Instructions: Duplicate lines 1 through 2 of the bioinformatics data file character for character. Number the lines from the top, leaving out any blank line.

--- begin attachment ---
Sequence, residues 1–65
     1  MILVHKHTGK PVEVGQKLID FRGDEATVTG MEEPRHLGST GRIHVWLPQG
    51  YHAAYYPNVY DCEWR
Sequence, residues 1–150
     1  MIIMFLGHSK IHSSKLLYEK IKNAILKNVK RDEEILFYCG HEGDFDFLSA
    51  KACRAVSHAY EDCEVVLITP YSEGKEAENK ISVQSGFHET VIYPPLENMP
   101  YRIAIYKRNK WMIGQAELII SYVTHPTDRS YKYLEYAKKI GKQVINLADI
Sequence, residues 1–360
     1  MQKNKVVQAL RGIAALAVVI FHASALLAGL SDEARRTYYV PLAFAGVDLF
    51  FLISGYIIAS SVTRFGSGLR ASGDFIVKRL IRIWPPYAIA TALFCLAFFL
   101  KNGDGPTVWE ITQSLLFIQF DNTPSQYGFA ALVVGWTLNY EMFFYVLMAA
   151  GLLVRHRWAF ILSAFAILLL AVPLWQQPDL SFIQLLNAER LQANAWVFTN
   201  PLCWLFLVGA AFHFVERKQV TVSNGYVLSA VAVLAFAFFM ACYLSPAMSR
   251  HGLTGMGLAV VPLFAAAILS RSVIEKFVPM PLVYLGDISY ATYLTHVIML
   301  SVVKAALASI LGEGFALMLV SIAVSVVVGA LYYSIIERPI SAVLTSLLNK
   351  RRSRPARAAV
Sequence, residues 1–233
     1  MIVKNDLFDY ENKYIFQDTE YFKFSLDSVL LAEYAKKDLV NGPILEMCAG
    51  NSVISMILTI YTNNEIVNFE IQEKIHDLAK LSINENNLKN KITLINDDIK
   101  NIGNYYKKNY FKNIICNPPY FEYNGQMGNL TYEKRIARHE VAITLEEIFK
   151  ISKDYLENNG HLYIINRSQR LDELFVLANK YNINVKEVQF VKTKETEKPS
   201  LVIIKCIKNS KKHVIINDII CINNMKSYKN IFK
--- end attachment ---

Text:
Sequence, residues 1–65
     1  MILVHKHTGK PVEVGQKLID FRGDEATVTG MEEPRHLGST GRIHVWLPQG